Rousseau: Origin Of Inequality Essay, Research Paper
The Origin of Inequality
In Rousseau s Discourse on the Origin of Inequalities , Rousseau tries to explain the birth and evolution of inequality between humans dating back to savage man in the pure state of nature. Rousseau proposes that it was not man that progressed toward inequality as much as it was the state of nature itself. In his own words, Rousseau says, the state of nature develops and gives rise to pride, shame, and envy (91). He believed that in the pure state of nature no conflict was present because humans were compassionate and showed pity toward other members of the human race; however, the cooperation between people lead to more free time which was used to think and invent. Inventions sprung up and people for their own use created luxury items. These luxury items caused conflicts and corrupted needs for people of the human race (88). Rousseau is basically stating that our virtues as savages in the pure state of nature were corrupted by the change in the state of nature as they knew it.
Jonathan Wolff, author of Intro to Political Philosophy, has a few beliefs that parallel those of Rousseau. Wolff agrees with Rousseau in that natural humans have free will and the ability for self-improvement (30). However, Wolff believes that these two traits conflict each other. He argues that if humans have both free will and self-preservation, that when a human finds that he needs something that another one owns, the two traits come into conflict. At this point, man must decide whether to further himself by taking what he needs or feeling pity and compassion for the other human and continue to suffer (28). According to Wolff, these traits are the source of human progression as opposed to the progression of the state of nature.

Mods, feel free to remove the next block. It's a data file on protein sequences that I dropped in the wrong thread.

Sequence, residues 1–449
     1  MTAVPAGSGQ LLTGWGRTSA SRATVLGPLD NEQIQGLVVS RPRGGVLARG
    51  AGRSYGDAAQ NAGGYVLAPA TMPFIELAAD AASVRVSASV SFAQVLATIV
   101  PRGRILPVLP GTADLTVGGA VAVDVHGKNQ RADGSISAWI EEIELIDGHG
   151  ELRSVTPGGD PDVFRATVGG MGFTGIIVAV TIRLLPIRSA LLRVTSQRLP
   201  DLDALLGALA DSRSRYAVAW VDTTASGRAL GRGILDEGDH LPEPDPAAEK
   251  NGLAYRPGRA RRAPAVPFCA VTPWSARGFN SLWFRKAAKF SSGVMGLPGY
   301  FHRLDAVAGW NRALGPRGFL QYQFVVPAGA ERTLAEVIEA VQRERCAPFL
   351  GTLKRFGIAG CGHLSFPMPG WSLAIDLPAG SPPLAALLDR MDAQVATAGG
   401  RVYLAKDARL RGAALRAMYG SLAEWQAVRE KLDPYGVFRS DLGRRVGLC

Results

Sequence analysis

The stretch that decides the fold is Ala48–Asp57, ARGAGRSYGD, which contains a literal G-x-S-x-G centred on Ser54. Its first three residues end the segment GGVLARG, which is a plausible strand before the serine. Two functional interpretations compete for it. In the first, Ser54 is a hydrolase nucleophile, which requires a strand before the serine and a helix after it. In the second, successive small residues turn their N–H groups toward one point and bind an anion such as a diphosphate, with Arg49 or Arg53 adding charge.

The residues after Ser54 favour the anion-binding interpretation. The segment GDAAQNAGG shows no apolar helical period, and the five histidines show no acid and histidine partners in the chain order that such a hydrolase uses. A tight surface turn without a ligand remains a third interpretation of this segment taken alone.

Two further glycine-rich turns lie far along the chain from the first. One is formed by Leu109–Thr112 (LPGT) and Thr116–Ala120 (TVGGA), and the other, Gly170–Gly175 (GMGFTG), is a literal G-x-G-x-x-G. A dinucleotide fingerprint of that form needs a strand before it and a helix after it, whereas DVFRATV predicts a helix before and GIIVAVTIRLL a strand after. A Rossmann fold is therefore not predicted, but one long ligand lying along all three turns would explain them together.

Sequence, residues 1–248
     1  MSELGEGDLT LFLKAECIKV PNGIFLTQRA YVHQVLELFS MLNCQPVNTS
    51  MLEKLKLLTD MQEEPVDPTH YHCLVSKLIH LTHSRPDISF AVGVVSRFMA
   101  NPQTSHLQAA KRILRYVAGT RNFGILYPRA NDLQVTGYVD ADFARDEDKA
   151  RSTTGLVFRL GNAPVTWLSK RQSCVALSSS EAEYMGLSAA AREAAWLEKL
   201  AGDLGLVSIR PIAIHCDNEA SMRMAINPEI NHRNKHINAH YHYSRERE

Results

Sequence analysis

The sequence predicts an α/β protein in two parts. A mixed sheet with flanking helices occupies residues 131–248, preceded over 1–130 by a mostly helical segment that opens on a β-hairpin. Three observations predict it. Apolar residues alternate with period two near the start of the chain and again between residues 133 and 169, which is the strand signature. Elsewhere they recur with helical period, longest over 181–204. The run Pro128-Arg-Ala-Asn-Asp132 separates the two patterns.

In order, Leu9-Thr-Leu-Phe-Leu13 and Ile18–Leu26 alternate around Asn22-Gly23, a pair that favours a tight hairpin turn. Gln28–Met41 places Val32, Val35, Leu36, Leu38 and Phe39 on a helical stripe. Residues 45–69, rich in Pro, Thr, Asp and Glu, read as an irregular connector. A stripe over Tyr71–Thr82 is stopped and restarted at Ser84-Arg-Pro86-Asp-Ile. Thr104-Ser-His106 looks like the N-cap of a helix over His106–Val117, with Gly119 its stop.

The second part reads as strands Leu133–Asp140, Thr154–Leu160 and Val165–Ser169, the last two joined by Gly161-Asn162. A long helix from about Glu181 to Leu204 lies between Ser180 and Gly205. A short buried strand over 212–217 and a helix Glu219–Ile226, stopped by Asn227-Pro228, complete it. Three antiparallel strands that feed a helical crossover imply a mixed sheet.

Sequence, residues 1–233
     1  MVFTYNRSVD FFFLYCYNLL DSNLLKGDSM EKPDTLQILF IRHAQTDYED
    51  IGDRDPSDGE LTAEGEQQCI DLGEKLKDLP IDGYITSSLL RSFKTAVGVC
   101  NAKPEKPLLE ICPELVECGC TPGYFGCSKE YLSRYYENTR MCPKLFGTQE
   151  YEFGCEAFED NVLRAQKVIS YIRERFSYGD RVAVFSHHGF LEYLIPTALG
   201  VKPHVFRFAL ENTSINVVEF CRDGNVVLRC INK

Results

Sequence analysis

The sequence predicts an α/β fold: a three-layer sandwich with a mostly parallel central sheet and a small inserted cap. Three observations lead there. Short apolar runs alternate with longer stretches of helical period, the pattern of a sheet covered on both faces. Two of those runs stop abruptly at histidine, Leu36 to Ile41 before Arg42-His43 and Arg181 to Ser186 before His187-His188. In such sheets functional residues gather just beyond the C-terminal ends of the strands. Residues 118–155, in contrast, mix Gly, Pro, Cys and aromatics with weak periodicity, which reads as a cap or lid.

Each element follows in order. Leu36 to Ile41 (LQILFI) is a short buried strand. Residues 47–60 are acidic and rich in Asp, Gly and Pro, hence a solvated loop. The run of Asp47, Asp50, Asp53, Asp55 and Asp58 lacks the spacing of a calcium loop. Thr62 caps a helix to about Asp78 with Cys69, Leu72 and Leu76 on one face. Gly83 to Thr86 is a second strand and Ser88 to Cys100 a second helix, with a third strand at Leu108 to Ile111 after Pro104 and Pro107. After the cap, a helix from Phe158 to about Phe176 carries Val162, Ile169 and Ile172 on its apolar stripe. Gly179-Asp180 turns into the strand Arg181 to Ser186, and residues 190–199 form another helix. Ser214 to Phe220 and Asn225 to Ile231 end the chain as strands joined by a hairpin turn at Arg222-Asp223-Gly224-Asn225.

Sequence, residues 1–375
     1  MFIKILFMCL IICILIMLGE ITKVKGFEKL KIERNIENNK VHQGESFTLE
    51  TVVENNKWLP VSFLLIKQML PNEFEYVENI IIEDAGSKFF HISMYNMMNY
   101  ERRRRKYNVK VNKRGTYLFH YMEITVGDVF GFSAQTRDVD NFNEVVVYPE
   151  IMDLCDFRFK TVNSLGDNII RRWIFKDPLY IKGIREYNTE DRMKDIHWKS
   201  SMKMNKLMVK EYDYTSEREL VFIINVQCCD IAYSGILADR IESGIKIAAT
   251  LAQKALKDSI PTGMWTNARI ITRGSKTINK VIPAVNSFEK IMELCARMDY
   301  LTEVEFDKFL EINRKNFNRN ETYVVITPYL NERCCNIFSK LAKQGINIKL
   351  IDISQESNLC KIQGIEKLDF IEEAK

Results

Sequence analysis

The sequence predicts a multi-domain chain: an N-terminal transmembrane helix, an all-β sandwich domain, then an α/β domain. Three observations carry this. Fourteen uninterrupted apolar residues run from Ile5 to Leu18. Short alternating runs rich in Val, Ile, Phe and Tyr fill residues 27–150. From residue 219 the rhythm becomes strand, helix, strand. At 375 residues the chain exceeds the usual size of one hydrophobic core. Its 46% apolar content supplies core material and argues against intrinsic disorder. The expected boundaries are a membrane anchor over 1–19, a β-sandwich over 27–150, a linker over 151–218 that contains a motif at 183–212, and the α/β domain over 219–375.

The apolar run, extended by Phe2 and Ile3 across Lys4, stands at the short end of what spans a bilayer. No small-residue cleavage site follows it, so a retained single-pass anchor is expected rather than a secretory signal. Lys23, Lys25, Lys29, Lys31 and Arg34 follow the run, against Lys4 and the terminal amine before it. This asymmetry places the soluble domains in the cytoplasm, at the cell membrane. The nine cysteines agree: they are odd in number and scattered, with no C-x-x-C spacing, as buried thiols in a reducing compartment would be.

Eli Freidlander has serious questions regarding the validity of Rousseau s Discourse and his findings. Freidlander ponders how Rousseau found a true description of the state of nature when so many had failed before (1). Freidlander, speaking of pity, touches on ancient theater where Alexander of Pherea did not dare attend the performance of any tragedy, for fear of being seen weeping (6). This shows his belief that man still shows pity for fellow man in society today; however, he also believes that our return to the true state of nature is as monumental a challenge as that faced by primitive man (7). This shows his doubt in Rousseau s ability to give as clear of an insight to the true state of nature as he insists. Freidlander also believes that, in contrast to Rousseau, the individual s will would have no direct influence in such events [changes in society] (4).
I believe that Rousseau s theory of the origin of human inequalities is true. Man today feels compassion and pity for fellow man: traits, which I believe, date back to prehistory. This is why humans are non-violent creatures by nature. However, I believe that it was necessary for the true state of nature to evolve for man, because the state of nature will never be a condition in which humans can flourish (Wolff 36).